Most teams quickly adopted night games and installed permanent lighting facilities in their home ballparks (the first games had been played with temporary lighting installations). The last American League team to host a night game were the Detroit Tigers, who waited until 1948, but the one holdout in the National League was much longer. The Chicago Cubs at first did not want to play under lights, and later were prevented from doing so because of opposition from neighborhood residents around Wrigley Field. In the 1960s, the Cubs expected to move to new modern digs in the short term and did not press the issue, but when plans to build a new joint facility to be shared with the Chicago White Sox were definitely abandoned later that decade, the issue became more pressing. Municipal politics got involved and the fight became very bitter by the early 1980s. When the Cubs lost home field advantage in the 1984 National League Championship Series because they could not host night games in accordance with Major League Baseball's contract with television broadcasters, the issue became unavoidable. A deal was reached which allowed the first night game to be played at Wrigley on August 8, 1988 ironically, it was rained out after four innings. The first official game thus had to wait until the following evening, and the number of night games played annually by the Cubs remains limited by a municipal ordinance.
Other long-held taboos included playing night games on Sunday, something which was only allowed when the Houston Colt .45s joined the National League in 1962, a concession to the stifling mid-summer heat of Texas, and night games in the World Series. Today, there is at least one nationally-televised night game played every Sunday during the regular season. The first night game in the World Series was Game 4 of the 1971 World Series today all World Series games are played as night games - the last day game was Game 6 of the 1987 World Series, which ironically was played indoors and thus under lights as well.
Prior to the introduction of lights, nightfall acted as a natural limit to the length of baseball games, as games that went on too long would be called due to darkness, with rules similar to those applying to rainouts. Nowadays, if a game must be interrupted because of darkness - for example, because of a power problem - it is only suspended and will be completed at a later date. This rule also governed games played at Wrigley Field in its last decades as the only major league ballpark without lights.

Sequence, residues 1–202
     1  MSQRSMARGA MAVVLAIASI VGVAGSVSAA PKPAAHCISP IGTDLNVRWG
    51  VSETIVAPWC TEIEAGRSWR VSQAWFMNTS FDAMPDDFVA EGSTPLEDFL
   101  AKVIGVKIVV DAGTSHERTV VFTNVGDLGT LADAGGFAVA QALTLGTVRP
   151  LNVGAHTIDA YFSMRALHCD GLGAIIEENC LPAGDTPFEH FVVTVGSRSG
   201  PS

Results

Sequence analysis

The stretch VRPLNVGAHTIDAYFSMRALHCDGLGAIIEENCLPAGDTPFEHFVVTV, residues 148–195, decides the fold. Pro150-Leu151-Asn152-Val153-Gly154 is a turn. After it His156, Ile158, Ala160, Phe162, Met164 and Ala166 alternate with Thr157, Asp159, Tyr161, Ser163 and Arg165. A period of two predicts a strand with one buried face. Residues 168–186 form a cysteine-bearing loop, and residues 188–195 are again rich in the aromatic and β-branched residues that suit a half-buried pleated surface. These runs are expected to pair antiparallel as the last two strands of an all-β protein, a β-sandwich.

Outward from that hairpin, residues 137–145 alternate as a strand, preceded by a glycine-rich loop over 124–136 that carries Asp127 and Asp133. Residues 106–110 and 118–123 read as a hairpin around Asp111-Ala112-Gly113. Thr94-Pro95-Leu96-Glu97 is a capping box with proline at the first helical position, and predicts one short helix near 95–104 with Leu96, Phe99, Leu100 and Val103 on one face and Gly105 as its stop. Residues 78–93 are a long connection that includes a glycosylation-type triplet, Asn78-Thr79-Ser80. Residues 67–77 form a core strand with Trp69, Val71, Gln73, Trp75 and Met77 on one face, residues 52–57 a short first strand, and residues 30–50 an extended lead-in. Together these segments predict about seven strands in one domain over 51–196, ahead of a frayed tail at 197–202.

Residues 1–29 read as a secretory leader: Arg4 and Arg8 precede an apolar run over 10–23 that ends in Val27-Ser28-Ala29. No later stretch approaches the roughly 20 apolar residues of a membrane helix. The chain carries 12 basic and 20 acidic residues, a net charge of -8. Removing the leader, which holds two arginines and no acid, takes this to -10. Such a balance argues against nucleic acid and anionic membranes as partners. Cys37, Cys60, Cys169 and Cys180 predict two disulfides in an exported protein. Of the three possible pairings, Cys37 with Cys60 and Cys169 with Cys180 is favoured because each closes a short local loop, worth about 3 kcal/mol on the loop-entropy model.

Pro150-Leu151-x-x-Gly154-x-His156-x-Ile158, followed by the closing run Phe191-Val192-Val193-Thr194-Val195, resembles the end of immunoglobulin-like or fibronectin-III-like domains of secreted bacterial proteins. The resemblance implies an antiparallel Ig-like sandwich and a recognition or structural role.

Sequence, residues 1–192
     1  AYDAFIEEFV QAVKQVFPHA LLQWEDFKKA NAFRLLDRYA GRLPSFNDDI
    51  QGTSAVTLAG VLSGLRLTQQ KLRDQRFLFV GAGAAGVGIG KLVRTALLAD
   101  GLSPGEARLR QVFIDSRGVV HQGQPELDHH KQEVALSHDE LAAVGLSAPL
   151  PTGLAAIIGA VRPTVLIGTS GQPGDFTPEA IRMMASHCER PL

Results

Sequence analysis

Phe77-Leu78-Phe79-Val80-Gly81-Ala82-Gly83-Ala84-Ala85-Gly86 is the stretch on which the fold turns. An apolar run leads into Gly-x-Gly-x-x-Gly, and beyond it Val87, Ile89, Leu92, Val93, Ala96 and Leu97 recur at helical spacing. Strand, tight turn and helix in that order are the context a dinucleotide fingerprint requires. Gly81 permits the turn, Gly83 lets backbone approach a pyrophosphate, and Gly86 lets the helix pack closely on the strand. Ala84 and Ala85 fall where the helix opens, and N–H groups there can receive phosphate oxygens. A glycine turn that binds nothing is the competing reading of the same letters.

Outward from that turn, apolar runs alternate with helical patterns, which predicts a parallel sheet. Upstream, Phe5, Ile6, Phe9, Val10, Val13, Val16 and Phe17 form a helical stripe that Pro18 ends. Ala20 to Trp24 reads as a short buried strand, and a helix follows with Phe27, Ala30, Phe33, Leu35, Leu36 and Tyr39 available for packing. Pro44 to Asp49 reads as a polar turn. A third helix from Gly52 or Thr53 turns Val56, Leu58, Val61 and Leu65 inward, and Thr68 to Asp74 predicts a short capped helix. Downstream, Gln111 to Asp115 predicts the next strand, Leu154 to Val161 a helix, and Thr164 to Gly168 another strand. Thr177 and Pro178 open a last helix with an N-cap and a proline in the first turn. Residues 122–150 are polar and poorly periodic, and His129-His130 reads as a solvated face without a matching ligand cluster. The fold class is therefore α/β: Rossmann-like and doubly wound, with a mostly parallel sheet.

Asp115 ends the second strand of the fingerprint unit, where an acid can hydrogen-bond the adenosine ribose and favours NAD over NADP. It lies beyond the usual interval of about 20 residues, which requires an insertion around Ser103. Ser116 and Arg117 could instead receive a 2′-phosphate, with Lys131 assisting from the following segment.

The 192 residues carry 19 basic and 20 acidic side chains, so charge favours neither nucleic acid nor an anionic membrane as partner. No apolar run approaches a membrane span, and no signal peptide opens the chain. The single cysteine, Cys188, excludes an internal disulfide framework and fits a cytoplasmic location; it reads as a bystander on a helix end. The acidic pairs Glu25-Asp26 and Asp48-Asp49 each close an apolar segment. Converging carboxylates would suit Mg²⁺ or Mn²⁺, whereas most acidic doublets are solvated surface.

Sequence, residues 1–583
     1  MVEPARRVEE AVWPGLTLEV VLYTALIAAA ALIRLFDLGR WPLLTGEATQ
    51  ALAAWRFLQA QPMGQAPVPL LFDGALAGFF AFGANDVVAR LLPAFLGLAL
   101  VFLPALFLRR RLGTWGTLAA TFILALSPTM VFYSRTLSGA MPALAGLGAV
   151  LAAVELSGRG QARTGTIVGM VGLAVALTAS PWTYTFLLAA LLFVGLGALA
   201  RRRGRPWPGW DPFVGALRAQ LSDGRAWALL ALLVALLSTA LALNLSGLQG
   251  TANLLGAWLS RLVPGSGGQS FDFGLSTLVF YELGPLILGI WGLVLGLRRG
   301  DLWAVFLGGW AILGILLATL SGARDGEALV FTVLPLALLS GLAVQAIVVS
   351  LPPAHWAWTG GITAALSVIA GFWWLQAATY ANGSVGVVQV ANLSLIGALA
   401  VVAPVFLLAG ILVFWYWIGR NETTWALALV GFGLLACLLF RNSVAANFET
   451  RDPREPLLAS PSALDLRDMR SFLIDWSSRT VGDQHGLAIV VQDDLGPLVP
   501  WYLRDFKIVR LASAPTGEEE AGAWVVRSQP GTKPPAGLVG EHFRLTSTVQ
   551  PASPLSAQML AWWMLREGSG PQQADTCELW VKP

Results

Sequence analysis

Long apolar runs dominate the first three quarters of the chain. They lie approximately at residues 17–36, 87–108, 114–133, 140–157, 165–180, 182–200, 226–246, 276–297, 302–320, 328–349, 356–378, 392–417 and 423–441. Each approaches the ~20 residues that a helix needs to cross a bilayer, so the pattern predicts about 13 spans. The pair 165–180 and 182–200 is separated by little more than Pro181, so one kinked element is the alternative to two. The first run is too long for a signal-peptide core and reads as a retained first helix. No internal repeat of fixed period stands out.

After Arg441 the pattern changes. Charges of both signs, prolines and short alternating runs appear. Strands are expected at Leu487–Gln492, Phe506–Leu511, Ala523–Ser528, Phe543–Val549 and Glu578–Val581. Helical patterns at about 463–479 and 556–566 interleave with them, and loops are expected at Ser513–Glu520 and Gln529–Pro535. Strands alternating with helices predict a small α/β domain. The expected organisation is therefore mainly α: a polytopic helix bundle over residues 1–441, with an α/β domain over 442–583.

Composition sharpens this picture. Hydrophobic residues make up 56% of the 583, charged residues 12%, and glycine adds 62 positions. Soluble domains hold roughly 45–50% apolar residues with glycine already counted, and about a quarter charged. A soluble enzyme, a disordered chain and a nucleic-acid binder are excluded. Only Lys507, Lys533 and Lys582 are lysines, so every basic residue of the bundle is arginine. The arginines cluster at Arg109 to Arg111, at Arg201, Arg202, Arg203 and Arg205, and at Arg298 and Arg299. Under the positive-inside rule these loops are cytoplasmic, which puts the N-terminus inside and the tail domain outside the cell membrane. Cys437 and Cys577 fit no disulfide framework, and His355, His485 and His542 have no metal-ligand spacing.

All logos are the trademark & property of their owners and not Sports Reference LLC. We present them here for purely educational purposes. Our reasoning for presenting offensive logos.
Logos were compiled by the amazing SportsLogos.net.
Copyright © 2000-2020 Sports Reference LLC. All rights reserved.
Much of the play-by-play, game results, and transaction information both shown and used to create certain data sets was obtained free of charge from and is copyrighted by RetroSheet.
Win Expectancy, Run Expectancy, and Leverage Index calculations provided by Tom Tango of InsideTheBook.com, and co-author of The Book: Playing the Percentages in Baseball.
Total Zone Rating and initial framework for Wins above Replacement calculations provided by Sean Smith.
Full-year historical Major League statistics provided by Pete Palmer and Gary Gillette of Hidden Game Sports.
Some defensive statistics Copyright © Baseball Info Solutions, 2010-2020.
Some high school data is courtesy David McWater.
Many historical player head shots courtesy of David Davis. Many thanks to him. All images are property the copyright holder and are displayed here for informational purposes only.
Multiple cities claim to have hosted the first night game in baseball history
(Iowa Cubs) https://images.daznservices.com/di/library/sporting_news/8/3d/iowa-cubs-night-game-021915-iowacubs-ftr_irjs1ebckfpo1wwe4yp2waqh7.jpg?t=-1553527941&w=500&quality=80
Here is what we know for sure - on May 2, 1930 Des Moines hosted baseball's first night game played under permanent lights. Articles recapping the event repeat the phrase "under permanent lights."
But where was the first game using temporary lights? The quest for that answer left us in the dark.
Hull, Mass. September 2, 1880: Northern Electric Light Company set up wooden light towers near Nantasket Bay and two teams representing Boston department stores played to a 16-16 tie. The next day's Boston Post said the error-filled contest unfolded "with scarcely the precision as by daylight."
Fort Wayne, Ind. June 2, 1883: The Northwestern League's Quincy Quincys played a local college in the first night game involving a professional team.